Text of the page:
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Linklater doc headed to PBS; Austin ranked No. 3 city for filmmakers

“American Masters,” the PBS documentary series about the lives of creatives in various fields, has nabbed the broadcast rights to Louis Black and Karen Bernstein’s “Richard Linklater: Dream is Destiny,” which just screened at the Sundance Film Festival, Variety reported.

Theatrical and video-on-demand rights are still available.

Also of note in the story: WNET is launching a theatrical label American Masters Pictures, which will try to get into theaters documentaries that are co-produced by, you guessed it, “American Masters.”

Check out “Dream is Destiny” executive producer Alan Berg discussing the film over at

What is Mondo selling this week?

So there was this thing when I was kid (well, technically when my younger brother was a kid) called Madballs. (Not to be confused with the band Madball, who were not as exciting.)

The were part bouncy ball, part horror-themed toy, part Garbage Pail Kid — gross, goofy, ideal for your average, I don’t know, 8- to 11-year-old.

Enter the nostalgia junkies at the Drafthouse’s poster/shirt/soundtracks arm, Mondo. They are introducing the MondoBall. The first three designs are Skull Face, Horn Head and Slobulus. Starting next month, you’ll be able to pre-order them at Look for licensed MondoBalls in the future.

Director Jeff Nichols and producer Sarah Green at the Ransom Center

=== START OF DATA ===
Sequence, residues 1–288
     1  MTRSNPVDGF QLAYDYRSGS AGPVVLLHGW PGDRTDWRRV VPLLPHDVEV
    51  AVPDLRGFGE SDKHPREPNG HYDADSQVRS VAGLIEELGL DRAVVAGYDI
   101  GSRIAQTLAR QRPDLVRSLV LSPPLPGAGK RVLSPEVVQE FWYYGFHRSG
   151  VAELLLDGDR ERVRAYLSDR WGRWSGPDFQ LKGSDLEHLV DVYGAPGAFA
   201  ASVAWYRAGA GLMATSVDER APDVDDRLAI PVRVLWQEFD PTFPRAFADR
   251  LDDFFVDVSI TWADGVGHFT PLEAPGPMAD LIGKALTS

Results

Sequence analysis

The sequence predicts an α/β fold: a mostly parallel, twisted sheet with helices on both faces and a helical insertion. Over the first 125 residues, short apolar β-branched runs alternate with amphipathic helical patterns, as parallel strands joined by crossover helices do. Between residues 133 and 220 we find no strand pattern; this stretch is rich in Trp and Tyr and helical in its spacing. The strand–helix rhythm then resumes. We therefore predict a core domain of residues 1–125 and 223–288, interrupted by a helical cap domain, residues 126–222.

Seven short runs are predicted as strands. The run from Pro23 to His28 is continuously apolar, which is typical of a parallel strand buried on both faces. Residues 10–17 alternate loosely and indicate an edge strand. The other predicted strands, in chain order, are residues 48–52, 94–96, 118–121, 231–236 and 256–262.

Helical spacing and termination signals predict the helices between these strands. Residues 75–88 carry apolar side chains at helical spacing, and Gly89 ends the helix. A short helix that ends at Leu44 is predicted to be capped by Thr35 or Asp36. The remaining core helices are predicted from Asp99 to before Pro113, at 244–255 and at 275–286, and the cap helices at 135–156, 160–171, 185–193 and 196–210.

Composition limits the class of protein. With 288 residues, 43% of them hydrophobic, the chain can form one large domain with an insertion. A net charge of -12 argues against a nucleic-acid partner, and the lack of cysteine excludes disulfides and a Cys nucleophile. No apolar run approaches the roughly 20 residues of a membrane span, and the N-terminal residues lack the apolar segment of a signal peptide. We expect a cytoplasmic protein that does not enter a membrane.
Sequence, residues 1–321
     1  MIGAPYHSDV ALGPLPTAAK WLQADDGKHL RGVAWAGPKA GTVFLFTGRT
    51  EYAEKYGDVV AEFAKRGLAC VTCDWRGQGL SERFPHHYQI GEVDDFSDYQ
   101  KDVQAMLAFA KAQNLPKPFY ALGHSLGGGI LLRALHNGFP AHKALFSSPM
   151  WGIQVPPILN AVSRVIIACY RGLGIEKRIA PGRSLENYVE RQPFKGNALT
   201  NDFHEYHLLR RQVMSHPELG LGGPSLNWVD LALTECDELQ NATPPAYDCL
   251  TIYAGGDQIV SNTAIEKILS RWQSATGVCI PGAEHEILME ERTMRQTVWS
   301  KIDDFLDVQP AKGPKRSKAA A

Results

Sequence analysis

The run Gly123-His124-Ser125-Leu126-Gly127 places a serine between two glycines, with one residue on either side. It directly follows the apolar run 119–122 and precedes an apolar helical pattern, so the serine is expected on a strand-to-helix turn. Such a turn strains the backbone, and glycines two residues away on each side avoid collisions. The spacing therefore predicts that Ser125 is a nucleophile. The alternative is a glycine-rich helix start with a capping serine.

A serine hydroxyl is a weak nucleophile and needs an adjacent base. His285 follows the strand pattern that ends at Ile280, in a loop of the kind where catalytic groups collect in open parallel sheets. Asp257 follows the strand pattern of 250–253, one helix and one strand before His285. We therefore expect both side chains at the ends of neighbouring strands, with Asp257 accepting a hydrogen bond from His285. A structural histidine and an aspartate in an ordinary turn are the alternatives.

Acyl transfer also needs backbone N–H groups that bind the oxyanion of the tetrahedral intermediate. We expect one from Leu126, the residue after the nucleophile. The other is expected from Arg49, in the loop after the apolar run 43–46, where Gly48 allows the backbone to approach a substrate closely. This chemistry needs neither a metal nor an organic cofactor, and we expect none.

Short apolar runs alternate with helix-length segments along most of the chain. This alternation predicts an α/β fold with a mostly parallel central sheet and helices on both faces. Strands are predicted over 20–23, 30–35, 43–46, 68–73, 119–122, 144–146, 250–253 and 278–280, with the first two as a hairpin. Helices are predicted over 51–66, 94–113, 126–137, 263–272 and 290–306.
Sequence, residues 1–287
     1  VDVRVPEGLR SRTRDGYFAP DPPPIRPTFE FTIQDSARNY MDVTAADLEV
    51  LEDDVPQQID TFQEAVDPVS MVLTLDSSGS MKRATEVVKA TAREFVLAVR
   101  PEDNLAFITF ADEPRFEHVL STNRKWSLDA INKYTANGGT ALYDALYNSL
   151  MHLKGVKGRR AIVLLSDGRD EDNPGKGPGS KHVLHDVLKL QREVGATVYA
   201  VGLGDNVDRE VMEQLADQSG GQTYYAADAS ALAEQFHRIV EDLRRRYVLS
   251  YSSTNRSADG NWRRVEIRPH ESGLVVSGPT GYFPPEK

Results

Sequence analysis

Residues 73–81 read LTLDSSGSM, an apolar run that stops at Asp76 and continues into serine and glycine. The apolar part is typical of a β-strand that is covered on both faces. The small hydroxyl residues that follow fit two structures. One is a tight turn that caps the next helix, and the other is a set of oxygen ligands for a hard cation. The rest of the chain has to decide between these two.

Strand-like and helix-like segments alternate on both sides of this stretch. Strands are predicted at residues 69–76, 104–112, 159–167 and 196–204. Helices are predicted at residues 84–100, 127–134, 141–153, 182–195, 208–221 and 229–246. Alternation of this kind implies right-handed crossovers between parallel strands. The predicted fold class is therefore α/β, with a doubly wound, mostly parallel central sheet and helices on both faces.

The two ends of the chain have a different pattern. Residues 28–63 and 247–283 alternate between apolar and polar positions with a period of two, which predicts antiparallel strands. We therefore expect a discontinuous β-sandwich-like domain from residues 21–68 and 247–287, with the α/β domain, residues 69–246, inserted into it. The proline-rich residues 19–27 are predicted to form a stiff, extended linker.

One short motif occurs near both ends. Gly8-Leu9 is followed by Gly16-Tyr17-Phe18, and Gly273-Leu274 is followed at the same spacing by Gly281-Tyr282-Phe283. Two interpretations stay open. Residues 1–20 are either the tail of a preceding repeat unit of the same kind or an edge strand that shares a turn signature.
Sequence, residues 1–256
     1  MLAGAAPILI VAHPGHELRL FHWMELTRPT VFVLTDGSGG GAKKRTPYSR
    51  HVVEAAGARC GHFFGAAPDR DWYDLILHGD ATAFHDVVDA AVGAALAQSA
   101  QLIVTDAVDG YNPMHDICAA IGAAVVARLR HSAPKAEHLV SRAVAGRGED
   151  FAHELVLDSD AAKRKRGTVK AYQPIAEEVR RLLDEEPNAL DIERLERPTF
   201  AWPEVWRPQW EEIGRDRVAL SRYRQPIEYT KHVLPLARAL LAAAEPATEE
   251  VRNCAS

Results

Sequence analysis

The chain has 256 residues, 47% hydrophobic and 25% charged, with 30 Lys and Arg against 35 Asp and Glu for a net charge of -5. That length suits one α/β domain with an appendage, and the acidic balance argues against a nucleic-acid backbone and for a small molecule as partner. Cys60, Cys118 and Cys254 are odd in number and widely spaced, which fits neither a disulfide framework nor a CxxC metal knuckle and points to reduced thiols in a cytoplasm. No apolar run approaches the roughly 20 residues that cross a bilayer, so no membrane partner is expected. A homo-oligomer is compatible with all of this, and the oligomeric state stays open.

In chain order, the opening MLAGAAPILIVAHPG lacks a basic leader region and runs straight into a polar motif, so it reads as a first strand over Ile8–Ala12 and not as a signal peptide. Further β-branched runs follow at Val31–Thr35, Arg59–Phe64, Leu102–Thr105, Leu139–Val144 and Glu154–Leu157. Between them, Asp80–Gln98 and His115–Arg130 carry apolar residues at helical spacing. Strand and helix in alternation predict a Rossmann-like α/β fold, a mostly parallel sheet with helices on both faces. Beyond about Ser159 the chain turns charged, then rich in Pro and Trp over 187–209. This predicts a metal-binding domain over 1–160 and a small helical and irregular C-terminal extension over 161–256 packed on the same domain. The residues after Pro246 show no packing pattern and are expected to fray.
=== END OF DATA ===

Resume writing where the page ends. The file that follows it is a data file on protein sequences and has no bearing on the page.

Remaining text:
Writer/director Jeff Nichols and producer Sarah Green, the creative team behind indie hits “Mud,” “Take Shelter” and the upcoming “Midnight Special,” will participate in a conversation on the state of independent film, building a team, developing concepts and translating the script to the screen through multiple departments on and off the film set.

The chat will take place at 2 p.m. Sunday at the Harry Ransom Center. General admission tickets are $10; students and AFF member tickets are $5. More info at

We’re number three! We’re number three! (according to has published a list of the best places to live and work as a filmmaker, and Austin has ranked third, behind Atlanta and New York.

“We scour the nation, poll film commissions, trawl through data, and interview moviemakers in hundreds of localities,” says, which says it assembles “the rankings based on the following factors: film production in 2015 (shooting days, number of productions, dollars generated), film community and culture (film schools, festivals, independent theaters, film organizations), access to equipment and facilities, tax incentives, cost of living, and a general category that encapsulates lifestyle, weather and transportation.”

The opening line: “If you’ve never been to South by Southwest, do yourself a favor and buy a pass now. A week at this fest may be all it takes to convince you to move to cooler-than-cool Austin.”

OK, for starters, everyone, please do not actually do this.

However, goes on to cite Austin Studios, ATX Studios, Spiderwood Studios, Rooster Teeth, Troublemaker Studios and the Austin Film Society as reasons why this is a dope place to work. And we cannot disagree. The full list:

1. Atlanta

2. New York

3. Austin

4. Los Angeles

5. Albuquerque, N.M.

6. Chicago

7. Seattle

8. Boston

9. San Francisco

10. Memphis, Tenn.

The San Francisco position jumped out at me. That is pretty rough, coming in behind Boston and all. But then again, San Francisco’s cost of living is world-famously brutal, thanks to their tech boom. Hey, you know who also has had a tech boom? Austin. Let’s not become San Francisco, people.

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